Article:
In the year when the industry celebrates 150 years since the launch of the first investment company, the latest research on investment company long-term performance by the Association of Investment Companies (AIC) has revealed the average investment company has outperformed the FTSE All-Share, MSCI World and average open-ended fund over 30 years to the end of March 2018. The average investment company has also outperformed over 20 years. Over 10 years the average investment company has outperformed the FTSE All-Share and the average open-ended fund but is just behind the MSCI World.
Over 30 years to the end of March 2018, the average investment company has returned 1,955%. In comparison, the FTSE All-Share returned 1,196%, while the MSCI World returned 944% and the average open-ended fund returned 919%.
In cash terms, a £100 lump sum investment 30 years ago in the average investment company would now be worth an impressive £2,055. The same initial investment in the FTSE All-Share, MSCI World and the average open-ended fund would have grown to £1,296, £1,044 and £1,019, respectively.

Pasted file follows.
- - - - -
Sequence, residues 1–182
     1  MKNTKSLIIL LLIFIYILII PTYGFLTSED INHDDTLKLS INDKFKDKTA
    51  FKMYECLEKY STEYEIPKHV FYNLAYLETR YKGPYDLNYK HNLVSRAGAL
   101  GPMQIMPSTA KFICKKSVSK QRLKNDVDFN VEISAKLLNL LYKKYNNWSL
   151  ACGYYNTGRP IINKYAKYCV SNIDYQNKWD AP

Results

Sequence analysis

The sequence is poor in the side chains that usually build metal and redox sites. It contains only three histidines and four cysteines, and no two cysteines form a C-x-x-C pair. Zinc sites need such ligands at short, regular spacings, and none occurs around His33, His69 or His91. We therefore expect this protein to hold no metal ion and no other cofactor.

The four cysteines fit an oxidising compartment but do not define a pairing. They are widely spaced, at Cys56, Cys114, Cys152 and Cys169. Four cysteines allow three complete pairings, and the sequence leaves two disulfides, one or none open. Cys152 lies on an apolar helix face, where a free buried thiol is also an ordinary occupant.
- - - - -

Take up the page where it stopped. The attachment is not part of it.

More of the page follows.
Commenting on this latest research, Annabel Brodie-Smith, Communications Director of the Association of Investment Companies (AIC) said: “The pensions changes have led to more investors investing beyond their retirement and even considering the next generation when making their investment decisions. It’s heartening to see the impressive long-term performance of the average investment company against some well-known indices and the average open-ended fund. The closed-ended structure, ability to gear, income benefits and independent boards are unique features that deliver strong long-term performance for investment company shareholders. Investment companies are the ideal vehicle for active managers, giving them the tools they need to deliver benchmark beating returns.”